Don’t Let Poor and Unsafe Ice Handling Compromise Your Operation
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Ice is food. That fact is often overlooked in many foodservice kitchens. Where most restaurant employees are trained in proper safe food handling procedures, safe ice handling is almost an afterthought. Ice is transported in buckets that are also used for who-knows-what, and most don’t think twice to plunge their bare hands into the ice maker to fill a cup for a customer’s drink.
The truth is that ice is just susceptible to contamination as a steak, if not more so. First of all, the steak is cooked to temperature, effectively killing any bacteria that may be present prior. And you’ve probably never seen a cook scoop up a steak from a hot grill with a drinking glass.
But if ice becomes contaminated with bacteria, it doesn’t go away until the ice is discarded. And many servers think nothing of scooping ice out of the bin with the glass the ice will be served in. This action can easily transfer bacteria that may be lingering on the glass to the ice. Or worse, the glass can chip into the ice causing a potentially life-threatening injury.
For these reasons, ice needs to be treated as food, and safe handling procedures must be put in place to minimize contamination and provide a safe dining experience for your guests. But fear not. Carlisle provides the tools to make it easy to handle ice safely from the time the cubes fall into the bin to the time it hits the glass.
It All Starts With the Scoop
Never use a drinking cup or glass to scoop ice from an ice machine into an ice bucket. Many hands may touch a glass before it reaches the customer and few or none of them will have a glove on when they do. Bacteria can easily be transferred from the glass to the ice.
Always use a dedicated ice scoop and never store that scoop in the ice itself. A San Jamar Safe-T Ice Scoop and Guardian System solves this problem. These handy ice scoops are made from durable polycarbonate NSF certified material and feature a knuckle guard to protect the ice from contamination by the back of the hand or knuckles when scooping.
The Guardian holder can fasten to the side of the inside or outside of the ice bin with included suction cups, brackets, or hardware keeping the scoop out of the ice when not in use.
Follow these rules when handling ice to avoid cross-contamination:
- Always use a dedicated scoop used solely for ice and store it outside or above the bin
- Never use bare hands to scoop ice out of the bin
- Never use any glassware to scoop ice out of the bin
- Never throw unused ice back in the bin
- Always use a dedicated ice tote to transport ice
- Clean and sanitize ice scoops and totes daily
Use Dedicated Ice Buckets
Never use any old bucket you have lying around to transfer ice from the ice maker to holding bins in other locations in the restaurant. This is an easy way to contaminate ice.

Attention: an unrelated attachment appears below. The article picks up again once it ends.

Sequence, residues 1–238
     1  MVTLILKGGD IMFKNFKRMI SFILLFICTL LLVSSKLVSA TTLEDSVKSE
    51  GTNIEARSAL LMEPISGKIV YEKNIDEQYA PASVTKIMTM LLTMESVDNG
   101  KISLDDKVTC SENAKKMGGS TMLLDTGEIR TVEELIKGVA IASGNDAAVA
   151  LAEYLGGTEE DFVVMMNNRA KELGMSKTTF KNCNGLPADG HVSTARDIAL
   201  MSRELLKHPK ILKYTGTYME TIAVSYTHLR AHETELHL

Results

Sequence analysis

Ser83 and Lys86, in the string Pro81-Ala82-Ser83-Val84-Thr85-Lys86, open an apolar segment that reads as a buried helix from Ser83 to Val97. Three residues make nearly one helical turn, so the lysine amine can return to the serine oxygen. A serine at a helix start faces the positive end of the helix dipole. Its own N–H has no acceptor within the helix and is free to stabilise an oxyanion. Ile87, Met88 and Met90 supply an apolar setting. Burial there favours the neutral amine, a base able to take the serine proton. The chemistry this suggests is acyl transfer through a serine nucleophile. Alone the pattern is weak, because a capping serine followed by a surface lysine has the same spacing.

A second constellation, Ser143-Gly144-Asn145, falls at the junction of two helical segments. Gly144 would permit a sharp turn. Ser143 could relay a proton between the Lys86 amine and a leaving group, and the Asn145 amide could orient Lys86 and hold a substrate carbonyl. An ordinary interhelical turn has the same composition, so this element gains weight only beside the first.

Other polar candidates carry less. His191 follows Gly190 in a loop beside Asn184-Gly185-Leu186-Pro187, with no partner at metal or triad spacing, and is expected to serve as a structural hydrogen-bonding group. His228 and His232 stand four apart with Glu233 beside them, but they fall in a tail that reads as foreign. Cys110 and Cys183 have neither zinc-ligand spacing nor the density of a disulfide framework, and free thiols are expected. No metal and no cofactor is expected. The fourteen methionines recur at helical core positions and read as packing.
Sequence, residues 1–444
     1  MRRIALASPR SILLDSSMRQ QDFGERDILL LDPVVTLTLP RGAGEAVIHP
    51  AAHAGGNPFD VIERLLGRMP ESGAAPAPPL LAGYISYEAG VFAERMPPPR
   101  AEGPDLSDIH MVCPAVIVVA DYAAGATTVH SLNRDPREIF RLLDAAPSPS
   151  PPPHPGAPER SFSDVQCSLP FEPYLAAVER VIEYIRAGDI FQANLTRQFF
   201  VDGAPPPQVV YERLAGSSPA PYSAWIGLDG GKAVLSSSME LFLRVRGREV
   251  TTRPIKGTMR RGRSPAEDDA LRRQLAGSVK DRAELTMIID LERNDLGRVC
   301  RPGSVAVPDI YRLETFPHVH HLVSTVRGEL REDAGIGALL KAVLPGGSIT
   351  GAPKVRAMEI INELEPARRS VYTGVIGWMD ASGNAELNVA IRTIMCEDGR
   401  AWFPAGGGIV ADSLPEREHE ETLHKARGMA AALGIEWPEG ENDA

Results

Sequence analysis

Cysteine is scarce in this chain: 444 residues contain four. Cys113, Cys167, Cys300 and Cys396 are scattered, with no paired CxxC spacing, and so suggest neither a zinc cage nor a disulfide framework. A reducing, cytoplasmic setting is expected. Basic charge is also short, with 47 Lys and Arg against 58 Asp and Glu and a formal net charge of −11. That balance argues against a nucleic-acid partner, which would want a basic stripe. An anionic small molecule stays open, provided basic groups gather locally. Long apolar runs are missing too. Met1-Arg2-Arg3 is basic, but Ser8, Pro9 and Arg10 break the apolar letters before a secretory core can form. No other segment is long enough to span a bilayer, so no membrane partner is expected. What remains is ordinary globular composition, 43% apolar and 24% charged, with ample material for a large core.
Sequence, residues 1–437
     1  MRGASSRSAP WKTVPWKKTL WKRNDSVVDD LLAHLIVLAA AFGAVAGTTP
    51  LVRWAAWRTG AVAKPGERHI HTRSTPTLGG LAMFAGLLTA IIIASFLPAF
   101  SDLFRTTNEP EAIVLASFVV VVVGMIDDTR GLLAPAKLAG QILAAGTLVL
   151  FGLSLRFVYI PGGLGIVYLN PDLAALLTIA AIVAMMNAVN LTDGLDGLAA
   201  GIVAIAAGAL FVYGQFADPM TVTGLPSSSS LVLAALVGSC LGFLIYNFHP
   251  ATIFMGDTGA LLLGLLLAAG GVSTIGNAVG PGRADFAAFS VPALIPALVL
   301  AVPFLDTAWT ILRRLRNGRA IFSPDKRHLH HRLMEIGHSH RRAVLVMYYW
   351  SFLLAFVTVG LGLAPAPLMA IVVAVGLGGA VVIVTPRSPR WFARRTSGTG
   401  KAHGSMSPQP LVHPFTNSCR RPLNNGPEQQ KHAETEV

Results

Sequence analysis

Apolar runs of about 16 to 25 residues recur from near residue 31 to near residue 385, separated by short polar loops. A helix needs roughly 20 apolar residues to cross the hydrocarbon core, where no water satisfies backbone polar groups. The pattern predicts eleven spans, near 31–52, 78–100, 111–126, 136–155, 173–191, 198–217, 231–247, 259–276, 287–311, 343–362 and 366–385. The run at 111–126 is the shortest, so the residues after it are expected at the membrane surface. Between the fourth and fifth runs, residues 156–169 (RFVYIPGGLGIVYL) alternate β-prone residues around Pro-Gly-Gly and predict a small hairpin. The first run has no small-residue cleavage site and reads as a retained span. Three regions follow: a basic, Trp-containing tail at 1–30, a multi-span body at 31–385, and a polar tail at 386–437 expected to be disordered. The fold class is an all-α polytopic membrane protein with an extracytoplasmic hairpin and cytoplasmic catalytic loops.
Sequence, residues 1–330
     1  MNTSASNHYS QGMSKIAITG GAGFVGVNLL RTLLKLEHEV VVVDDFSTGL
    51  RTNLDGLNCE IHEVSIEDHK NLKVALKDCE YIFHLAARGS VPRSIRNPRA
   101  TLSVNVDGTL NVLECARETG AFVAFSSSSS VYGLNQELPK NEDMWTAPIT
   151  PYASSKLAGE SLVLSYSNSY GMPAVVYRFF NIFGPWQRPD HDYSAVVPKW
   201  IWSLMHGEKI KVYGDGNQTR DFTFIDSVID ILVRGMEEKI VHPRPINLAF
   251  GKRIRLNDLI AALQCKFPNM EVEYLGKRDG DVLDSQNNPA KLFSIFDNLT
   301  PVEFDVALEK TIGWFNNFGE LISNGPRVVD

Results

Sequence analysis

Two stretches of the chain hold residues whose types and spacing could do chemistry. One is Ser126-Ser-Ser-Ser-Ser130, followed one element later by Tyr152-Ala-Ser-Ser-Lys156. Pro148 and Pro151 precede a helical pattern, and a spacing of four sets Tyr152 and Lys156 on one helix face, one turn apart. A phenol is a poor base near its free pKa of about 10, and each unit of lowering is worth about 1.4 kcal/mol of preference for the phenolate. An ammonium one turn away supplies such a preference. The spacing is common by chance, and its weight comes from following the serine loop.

Instead, use a dedicated San Jamar Light Duty Ice Tote to transfer smaller amounts of ice, or a San Jamar Safe-T Ice Tote for larger quantities up to 25lbs. These handy totes attach directly to the ice bin for easy filling and feature raised handles to avoid contamination from the floor.
The Safe-T Ice Tote is made from durable transparent polycarbonate material and features exclusive Tri-Grip ergonomic handles for easy carrying and back-saving lifting and pouring. It comes in two sizes, 6 gallon, and a 5 gallon Shorty version designed to fit in commercial dishwashers.
Round Out Your Ice Tote Equipment with a Dedicated San Jamar Ice Tote
Carrying 50 lbs. of ice all the way from the back of the house to the front is no joke. Often for an employee to make the trip, they can’t use the full capacity of the ice totes. They are simply too heavy when full.
Avoid costly work-related injuries and increase productivity with a handy San Jamar Dedicated Safe-T Ice Cart. It can hold two San Jamar Safe-T Ice Totes filled to the max and when not in use, it folds in half for convenient storage. Choose from two models designed for either the 6-gallon full size or the 5-gallon shorty version.
Ice Equipment Maintenance
To maintain high-quality contamination-free ice, follow these steps recommended by FoodQualityAndSafety.com:
- Empty and clean your ice machine 2-4 times per month to reduce the risk of contamination, eliminate odors, and improve the taste of the ice
- Completely clean and descale your ice machine every 6 months, even if it is a self-cleaning unit
- Use a water filter that can handle the hardness of your water and change it at the recommended intervals (no filter is better than an old dirty filter)
- Vacuum around the coils and cooling unit
- Store your ice machine away from stoves, refrigerators, and other kitchen appliances to reduce the risk of cross-contamination
Carlisle offers a wide range of ice handling equipment to make your employee’s jobs easier and your restaurant cleaner and safer. Contact a sales rep today to see our full catalog of foodservice products.